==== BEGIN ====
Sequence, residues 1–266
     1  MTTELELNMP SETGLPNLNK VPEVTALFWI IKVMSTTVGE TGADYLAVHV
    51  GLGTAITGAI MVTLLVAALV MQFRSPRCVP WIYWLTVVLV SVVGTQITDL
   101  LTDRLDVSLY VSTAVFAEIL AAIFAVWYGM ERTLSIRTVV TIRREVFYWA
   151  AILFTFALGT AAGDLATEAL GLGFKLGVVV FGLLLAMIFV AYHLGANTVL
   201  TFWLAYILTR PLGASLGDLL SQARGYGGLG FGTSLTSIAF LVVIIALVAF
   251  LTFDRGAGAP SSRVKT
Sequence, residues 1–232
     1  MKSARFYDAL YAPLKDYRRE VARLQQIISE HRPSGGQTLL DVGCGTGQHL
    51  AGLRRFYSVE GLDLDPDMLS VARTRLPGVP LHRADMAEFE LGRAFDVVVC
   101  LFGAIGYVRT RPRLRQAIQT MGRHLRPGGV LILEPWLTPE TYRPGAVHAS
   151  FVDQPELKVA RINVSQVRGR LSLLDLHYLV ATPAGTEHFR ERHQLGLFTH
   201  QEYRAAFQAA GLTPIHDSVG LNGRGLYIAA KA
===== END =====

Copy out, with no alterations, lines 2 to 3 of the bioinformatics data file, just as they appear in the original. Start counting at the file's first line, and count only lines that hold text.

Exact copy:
     1  MTTELELNMP SETGLPNLNK VPEVTALFWI IKVMSTTVGE TGADYLAVHV
    51  GLGTAITGAI MVTLLVAALV MQFRSPRCVP WIYWLTVVLV SVVGTQITDL